The Women in My Life

(True story, biographical.)

“How do you know you’re at peace?” I asked my mother once, in my teens. She told me “when your masculine and feminine stop fighting each other, when you stop fighting yourself, that’s when you’ll find peace.” So I asked, “which side should I be then? Which one wins?” My mother smiled and said “figure it out.”

I watched, trying ever so hard to understand how my mother could be so at peace despite everything she had been through as a mother. Then I looked at both her sisters, and realised they’re made of that same metal that makes my mother who she is. Naturally, it made sense to get to know my parents’ siblings better so that I could better understand them…

In the last two years, I’ve learned that mother’s younger sister has been doing remote work from home for almost as long as I’ve been alive! What my generation aspires to do, she’s already an expert. Last month, I discovered that mother’s older sister is one of the first women who ever wore trousers as work attire in corporate London, back in the early 80’s. When she told me this, it hadn’t even occurred to me that there was a specific “skirt / dress only” dress code.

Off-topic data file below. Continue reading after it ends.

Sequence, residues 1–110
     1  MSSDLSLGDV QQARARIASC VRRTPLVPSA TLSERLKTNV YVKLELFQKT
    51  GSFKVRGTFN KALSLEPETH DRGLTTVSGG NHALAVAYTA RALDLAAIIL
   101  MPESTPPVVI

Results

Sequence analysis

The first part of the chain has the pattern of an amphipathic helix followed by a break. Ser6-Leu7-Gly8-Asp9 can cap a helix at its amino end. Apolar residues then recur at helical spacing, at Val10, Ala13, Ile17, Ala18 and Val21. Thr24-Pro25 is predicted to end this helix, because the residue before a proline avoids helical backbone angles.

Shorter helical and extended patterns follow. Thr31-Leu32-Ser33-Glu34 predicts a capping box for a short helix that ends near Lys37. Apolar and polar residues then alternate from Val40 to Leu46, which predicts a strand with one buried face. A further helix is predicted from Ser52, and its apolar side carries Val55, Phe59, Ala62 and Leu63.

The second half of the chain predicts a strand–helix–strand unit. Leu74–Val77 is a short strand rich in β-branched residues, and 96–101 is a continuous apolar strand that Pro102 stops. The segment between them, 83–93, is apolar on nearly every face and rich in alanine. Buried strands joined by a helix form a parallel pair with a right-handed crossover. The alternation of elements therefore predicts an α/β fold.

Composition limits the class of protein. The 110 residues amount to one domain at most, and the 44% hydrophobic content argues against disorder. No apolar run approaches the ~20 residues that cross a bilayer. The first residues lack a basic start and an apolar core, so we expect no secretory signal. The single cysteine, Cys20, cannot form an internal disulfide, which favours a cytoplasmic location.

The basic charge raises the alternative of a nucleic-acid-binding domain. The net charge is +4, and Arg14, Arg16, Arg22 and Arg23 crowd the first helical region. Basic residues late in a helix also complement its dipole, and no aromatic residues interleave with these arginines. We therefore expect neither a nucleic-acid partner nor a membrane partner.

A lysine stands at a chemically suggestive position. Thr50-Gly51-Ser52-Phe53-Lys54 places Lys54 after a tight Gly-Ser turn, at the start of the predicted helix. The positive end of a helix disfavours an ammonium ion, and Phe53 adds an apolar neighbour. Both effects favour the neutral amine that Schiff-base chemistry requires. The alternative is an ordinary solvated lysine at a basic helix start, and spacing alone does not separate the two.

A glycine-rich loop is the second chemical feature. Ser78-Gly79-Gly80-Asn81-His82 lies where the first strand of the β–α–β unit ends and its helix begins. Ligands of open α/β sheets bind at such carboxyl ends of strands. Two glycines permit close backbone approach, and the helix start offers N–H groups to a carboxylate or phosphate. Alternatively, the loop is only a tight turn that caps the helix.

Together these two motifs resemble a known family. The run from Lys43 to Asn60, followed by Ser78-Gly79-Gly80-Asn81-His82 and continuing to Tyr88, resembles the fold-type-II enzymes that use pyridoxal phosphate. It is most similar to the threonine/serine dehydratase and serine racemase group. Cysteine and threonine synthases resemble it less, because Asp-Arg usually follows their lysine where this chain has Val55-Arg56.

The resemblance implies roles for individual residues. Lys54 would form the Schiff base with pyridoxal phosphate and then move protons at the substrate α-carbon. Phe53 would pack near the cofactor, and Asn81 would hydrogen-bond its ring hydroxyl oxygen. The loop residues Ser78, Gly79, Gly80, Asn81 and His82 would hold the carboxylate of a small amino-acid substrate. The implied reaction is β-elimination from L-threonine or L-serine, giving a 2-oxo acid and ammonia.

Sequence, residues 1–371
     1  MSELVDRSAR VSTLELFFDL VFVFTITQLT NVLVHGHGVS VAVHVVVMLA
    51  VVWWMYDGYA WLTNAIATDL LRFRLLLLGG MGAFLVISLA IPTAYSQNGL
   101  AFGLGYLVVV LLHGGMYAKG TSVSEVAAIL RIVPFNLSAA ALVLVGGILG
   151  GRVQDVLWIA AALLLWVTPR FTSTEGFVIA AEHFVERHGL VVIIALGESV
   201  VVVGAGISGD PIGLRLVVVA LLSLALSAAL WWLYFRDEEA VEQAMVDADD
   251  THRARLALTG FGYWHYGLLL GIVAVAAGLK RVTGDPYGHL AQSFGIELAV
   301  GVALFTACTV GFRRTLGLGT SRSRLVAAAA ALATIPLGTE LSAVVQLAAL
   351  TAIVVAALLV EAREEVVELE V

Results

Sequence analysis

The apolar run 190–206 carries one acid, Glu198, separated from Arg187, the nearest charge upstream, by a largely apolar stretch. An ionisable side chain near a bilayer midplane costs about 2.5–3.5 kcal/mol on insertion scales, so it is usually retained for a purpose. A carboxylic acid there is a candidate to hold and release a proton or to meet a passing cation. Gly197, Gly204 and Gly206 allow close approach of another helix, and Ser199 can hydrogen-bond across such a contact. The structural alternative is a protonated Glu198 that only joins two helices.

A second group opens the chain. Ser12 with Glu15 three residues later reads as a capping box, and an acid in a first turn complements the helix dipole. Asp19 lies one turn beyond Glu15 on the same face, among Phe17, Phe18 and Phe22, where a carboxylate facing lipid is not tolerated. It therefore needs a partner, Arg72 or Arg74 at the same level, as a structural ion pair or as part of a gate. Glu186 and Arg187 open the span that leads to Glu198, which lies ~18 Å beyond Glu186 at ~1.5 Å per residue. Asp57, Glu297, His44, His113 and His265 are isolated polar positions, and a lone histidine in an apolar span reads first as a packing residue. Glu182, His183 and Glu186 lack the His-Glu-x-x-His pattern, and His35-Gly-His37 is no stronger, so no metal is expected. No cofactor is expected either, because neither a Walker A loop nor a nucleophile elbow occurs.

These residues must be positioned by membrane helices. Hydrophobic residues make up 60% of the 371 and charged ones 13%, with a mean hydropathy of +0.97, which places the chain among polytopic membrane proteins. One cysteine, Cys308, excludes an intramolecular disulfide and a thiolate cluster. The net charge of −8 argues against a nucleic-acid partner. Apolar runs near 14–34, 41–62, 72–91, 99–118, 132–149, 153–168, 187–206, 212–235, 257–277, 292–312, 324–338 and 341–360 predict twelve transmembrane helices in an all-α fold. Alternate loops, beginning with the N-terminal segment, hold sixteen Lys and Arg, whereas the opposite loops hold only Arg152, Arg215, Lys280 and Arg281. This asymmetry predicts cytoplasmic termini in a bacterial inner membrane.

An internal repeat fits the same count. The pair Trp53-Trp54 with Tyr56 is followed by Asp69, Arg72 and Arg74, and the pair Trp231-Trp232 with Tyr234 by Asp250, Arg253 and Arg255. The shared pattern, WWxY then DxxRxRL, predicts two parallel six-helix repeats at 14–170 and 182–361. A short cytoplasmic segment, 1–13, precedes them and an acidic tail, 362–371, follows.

“We were supposed to only wear skirts to work,” my aunt told me, “but skirts can get very uncomfortable, you know. So one day I put on a pair of trousers because it was more comfortable. Next thing you know, other women start doing it too. Eventually, it just became accepted in our company (Ernst and Young).”

I reflected, and pondered: it stood to reason that the strength came from my grandma. With R20 (USD 1.50) in her pocket, my grandma moved the family of ten (five went ahead, I was told, the other five came later) to the city in the 1960s during the apartheid in South Africa. As a family, they never let the Apartheid become a factor hindering them from just living their lives. When survival is your main focus, and it slowly seeps into the “norm”, you learn to embrace the better parts of life.

My grandparents always opened their homes, always welcomed those in need. Though they didn’t have much, they gave what they could: love, shelter, and a hot cup of tea. They didn’t discriminate who came through the doors. They were loving, but they were tough.